Hel, Hailstones, and Long Walks in the Woods

I’ve been thinking a lot about Hel recently, moreso than usual.  Every time I sit down to meditate, or find my mind wandering while watching television, (Vikings is good and yet still somehow 20% more garbage than I remembered it,) or slip into a trance from the gentle monotony of washing large quantities of dishes by hand, it’s Hel that I think of and speak to.


I’ve gone on a lot of low-energy hikes on the clear, flat trails around my apartment lately.  My joints are in bad shape and handling my dog Djohariah (aka Jo, sweet girl, egg, and fucko) when she has a mind to run faster than I can is no picnic, but getting back to the woods and losing myself in the exertion and travel always leaves me feeling closer to my gods than just about anything else.  I’ve seen more deer in the last few weeks than any other time I can recall in my life, and nearly all of them have been gentle and calm and willing to lead me safely into the woods.  Away from the houses and the vacant lots and the human noise, I often get a peripheral glimpse of Someone standing or crouching at the edge of the trail, hooded and staring and patient, watching the procession of does and chilling the air.  Her presence is familiar and unmistakable to me.


I take Jo to the edge of the path and sit, and breathe, and I offer Hel music and grief and awareness and love.  On closer inspection what once appeared humanoid is most often a tree, unnaturally darker than its surroundings, twisted and broken, but alive and profound all the same.  I leave a small handful of wildflowers leaning against the roots, tip out some of my water onto the ground, tell Hel aloud that I love Her.  The woods are quiet.


On the way back, I think of Hel and Her hall and the people that I’ve lost – that the world has lost, through circumstance and through malice, and I thank Hel again and again for giving those souls a place of rest, for letting me shoulder some of the work through memorials or psychopomp-ery or prayer.  I am so grateful to see what I see, and at the end of the trail I find a single crow’s feather.  It sits on my altar now where a rabbit skull used to be before a freak gust of wind threw it from the windowsill and shattered it.  We all let go of the physical sooner or later.


Speaking of high winds, hailstorms are terrifying.  And exhilarating.  There’s so much wildness in the weather here sometimes that it leaves me in awe while golf ball sized hailstones pelt the windows, rattle the door frames, and bounce dramatically off of cars in the lot below.  One of our neighbors was momentarily caught outside having a smoke when the storm started and looked so utterly disgusted by the weather that despite feeling badly for them I had to laugh.  I’m not used to weather like this.  I come from North Alabama, the heart of Dixie Alley, and severe weather there means fear and anticipation and bracing yourself for the inevitable loss of life and property.  (My mother is terrified of even minor power outages to this day as a result of the 2011 tornado outbreak and its aftereffects.)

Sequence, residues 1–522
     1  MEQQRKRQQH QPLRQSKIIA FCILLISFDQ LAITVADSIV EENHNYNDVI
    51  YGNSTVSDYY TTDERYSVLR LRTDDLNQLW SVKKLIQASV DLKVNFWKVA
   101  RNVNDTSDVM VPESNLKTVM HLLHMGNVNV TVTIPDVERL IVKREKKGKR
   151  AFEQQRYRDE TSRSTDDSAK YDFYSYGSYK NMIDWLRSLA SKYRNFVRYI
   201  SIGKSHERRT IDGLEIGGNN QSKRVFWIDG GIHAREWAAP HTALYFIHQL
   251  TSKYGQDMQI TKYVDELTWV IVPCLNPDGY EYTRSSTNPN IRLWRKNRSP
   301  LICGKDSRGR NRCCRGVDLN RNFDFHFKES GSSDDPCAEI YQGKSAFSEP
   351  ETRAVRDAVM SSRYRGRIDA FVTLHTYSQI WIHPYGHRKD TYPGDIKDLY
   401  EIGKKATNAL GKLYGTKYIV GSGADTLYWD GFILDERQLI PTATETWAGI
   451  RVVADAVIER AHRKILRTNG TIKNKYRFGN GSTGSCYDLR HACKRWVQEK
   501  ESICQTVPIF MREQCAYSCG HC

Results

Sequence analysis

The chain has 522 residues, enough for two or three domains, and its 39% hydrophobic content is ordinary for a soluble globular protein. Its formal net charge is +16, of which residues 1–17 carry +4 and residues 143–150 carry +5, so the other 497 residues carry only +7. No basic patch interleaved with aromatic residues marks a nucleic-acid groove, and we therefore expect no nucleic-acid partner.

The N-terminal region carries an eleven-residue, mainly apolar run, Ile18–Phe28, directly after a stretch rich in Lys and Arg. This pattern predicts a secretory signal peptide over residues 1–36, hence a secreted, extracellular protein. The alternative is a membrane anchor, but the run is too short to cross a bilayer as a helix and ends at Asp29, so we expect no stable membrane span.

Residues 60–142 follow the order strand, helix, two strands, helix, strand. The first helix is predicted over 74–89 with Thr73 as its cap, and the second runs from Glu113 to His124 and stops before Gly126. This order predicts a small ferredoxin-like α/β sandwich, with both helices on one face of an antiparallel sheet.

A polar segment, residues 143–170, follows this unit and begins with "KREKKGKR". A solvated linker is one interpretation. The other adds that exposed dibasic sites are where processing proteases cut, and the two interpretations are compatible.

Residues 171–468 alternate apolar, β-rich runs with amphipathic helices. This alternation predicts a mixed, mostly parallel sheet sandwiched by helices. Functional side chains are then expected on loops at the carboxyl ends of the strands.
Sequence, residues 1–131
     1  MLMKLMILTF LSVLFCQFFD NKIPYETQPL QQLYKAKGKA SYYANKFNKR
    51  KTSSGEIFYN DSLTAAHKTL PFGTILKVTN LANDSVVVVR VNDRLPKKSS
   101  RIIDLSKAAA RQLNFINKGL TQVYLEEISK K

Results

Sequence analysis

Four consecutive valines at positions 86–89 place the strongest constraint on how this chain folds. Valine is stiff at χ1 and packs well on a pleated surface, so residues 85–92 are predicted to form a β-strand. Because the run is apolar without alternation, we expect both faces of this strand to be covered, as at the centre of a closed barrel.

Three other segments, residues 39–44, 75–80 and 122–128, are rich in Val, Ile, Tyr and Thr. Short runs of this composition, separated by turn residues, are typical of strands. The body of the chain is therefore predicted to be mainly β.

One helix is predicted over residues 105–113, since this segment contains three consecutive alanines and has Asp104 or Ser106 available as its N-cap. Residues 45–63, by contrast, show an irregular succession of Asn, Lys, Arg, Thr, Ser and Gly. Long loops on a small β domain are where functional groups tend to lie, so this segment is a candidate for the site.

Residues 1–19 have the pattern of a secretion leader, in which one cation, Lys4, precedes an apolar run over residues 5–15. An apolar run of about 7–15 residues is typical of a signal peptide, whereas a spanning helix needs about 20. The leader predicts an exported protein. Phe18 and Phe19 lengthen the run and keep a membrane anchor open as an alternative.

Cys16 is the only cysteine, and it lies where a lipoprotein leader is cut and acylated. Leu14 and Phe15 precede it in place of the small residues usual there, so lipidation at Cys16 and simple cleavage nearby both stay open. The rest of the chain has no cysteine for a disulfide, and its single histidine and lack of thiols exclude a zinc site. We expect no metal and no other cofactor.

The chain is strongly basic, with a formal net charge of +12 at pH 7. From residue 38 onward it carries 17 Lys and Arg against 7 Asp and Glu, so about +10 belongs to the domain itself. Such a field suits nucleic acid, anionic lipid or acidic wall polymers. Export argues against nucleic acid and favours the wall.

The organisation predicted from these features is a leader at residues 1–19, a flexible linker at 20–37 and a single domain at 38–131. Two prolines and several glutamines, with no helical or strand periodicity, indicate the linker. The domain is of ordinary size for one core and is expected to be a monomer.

People can die in hailstorms too, of course, and suffer property damages.  We all know this.  But something about the rolling thunder and the wind and the sudden shift in temperature strikes me as almost gleeful, at least when there’s no immediate threat to the people around me.  This kind of wild energy and the first walk around my home after a hailstorm makes me think of Hel, too – seeing the trampled plants and wondering what happened to the smaller animals that are resident to the fields and forests of my home.  There were no significant losses as a result of the hailstorms in Elk Valley the last few weeks, that I know of.  Everybody went home safely.


What makes you think of Hel lately?  Does She stand in your mind as more of a figure of loss or care?  What do you do to honor Her?